Ben Stiller reprises his role as a former model in a throwaway but amusing sequel
Temple Bar Music Centre, Dublin
A dichotomy in aesthetics tonight, but, hell, it works...
Dublin's own Decal are back with a vengeance, reclaiming their perennial guise as the techno duo several steps ahead of their game. Fresh from a year-long hiatus, Alan and Denis crouch over a desk of wired-up effects pedals, a veritable jungle of customised gadgetry from which slow, grinding grooves and shimmering, synthesised chimes push and shove for aural dictation. It's a beautiful friction.
Broadcast's 'The Noise Made By People' album is easily one of the revelations of 2000, an exercise in supreme subtlety. You could damn them for their perfectly sculpted avant-cool, but you can't but succumb to the songs - the warm, simmering alchemy of future-retro pop. And if the album title itself is something of a reclamation of their own humanity from the burdening preconceptions of pretentiousness, the live show finishes the job off.
Even with the distraction of morphing National Geographic-style visuals above, all eyes are on Trish Keenan, statuesque and stylish, but close your eyes and her heavenly presence doesn't fade. She may embody icy cool like no other femme fatale in pop, but her range is startling, her passion focused. Imagine the voice of Belinda Butcher reclaimed from the ether, or Nico without the pain, reborn in feelgood '60s Chanson, with a surround-sound band of guitars and moogs and analogue hallucinations and waltzing rhythms and fall-in-love pop songs. 'Unchanging Window' is led by a drum march into a lush swamp of psychedelic reverie. But this isn't just about John Barry spy-theme smokescreens. This is cinema with soul, as creepy as a double helping of 'Tales Of The Unexpected', as heart-poundingly fragile as a frenzied love letter.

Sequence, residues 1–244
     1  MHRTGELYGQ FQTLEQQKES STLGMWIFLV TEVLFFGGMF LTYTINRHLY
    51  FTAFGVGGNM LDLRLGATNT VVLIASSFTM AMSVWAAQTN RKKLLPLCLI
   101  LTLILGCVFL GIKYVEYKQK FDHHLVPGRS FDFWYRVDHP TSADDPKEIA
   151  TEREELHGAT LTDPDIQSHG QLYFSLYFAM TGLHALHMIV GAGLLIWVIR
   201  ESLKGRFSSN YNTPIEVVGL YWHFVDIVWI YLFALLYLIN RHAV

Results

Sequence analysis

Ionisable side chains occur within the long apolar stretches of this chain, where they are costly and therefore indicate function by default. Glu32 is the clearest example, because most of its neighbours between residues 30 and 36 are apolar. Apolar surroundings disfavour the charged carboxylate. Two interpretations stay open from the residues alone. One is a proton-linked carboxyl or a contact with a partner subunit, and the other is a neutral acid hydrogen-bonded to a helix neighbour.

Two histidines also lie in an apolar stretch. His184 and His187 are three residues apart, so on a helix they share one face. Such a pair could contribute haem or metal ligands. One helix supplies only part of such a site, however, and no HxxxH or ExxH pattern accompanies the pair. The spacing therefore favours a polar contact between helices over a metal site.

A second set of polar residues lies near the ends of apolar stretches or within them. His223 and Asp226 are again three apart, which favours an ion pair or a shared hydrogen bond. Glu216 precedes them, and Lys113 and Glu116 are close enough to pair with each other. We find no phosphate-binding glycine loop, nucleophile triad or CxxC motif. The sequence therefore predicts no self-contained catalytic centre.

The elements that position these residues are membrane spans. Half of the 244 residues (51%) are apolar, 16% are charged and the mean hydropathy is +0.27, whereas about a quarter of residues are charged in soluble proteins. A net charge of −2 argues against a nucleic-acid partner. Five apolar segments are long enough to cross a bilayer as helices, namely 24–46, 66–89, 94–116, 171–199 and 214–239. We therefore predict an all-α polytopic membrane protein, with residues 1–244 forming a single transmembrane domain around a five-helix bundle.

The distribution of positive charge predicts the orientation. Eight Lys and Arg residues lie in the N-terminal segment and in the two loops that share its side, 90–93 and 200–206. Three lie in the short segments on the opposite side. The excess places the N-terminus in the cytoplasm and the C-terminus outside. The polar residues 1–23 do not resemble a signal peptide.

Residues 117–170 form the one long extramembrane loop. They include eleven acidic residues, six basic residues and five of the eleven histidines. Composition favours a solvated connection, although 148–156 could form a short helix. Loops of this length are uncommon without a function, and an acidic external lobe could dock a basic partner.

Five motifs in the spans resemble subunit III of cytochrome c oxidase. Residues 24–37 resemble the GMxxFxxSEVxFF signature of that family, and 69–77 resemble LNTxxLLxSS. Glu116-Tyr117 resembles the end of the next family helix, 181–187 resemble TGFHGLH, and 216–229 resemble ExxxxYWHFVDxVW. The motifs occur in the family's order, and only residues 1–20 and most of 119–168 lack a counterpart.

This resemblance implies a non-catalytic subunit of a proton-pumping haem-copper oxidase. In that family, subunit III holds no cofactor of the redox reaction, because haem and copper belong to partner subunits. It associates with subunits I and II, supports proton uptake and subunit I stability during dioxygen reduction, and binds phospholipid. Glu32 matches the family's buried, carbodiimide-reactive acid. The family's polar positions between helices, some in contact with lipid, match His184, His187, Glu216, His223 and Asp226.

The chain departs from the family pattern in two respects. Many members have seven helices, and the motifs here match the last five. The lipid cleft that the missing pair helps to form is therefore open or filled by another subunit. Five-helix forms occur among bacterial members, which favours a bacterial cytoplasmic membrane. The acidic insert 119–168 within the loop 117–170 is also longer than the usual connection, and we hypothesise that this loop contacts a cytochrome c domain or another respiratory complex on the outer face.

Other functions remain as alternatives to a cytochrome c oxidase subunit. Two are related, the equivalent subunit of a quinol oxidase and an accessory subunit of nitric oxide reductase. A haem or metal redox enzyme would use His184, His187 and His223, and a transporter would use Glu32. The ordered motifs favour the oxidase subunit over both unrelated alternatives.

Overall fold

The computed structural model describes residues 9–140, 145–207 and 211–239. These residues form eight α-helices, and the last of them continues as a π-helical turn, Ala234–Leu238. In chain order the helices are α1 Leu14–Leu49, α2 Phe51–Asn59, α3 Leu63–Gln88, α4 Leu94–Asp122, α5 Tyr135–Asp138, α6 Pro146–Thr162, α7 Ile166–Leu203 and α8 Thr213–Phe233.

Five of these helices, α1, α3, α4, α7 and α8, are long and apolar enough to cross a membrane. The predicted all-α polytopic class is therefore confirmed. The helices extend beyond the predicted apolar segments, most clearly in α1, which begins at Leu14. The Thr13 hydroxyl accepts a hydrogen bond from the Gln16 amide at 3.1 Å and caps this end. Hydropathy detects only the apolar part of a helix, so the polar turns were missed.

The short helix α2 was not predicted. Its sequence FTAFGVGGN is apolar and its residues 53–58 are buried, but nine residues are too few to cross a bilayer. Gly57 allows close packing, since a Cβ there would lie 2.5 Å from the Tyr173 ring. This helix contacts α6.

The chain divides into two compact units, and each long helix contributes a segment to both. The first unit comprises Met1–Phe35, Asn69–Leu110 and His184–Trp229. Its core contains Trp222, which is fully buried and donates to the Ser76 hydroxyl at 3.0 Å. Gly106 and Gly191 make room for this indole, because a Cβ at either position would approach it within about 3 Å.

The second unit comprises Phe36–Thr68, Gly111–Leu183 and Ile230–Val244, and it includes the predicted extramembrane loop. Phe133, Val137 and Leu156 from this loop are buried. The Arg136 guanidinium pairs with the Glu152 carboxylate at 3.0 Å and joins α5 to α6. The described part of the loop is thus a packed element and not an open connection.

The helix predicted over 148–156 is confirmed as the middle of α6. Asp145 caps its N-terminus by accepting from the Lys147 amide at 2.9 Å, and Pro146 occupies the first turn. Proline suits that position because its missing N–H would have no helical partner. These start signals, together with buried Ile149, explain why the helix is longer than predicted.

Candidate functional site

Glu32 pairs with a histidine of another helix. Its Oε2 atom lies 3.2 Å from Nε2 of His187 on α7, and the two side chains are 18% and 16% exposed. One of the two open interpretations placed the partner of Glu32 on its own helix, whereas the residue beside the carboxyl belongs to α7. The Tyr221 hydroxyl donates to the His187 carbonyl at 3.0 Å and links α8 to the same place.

Bar the occasional timid "thank you", Trish says little else. It's all in the songs, which speak volumes alone. When she sings 'Come On, Let's Go', Trish doesn't have to ask twice. We're already there, enraptured in the groove, mesmerised by the vision, utterly sold to the sound. 'Papercuts' is all ravishing romance: "The writing for pleasure you wouldn't let me read/The things you miss out when you try to mislead/You said you wrote a page about me/In your diary". Note to self: renew library ticket immediately.
In another band's hands, the Broadcast 'idea' would be stultifyingly mundane. As it happens, Broadcast are all flesh and blood. And bloody brilliant to boot.
It’s not quite the superhero film revolution we were promised, but it sure as hell is entertaining
Zachary Cole Smith has overcome a multitude of problems to make this intensely powerful album
Just as ridiculous as the 1991 original, but in all the wrong ways
The 'Oscar-bait' drama fails to fully translate the emotional weight from page to screen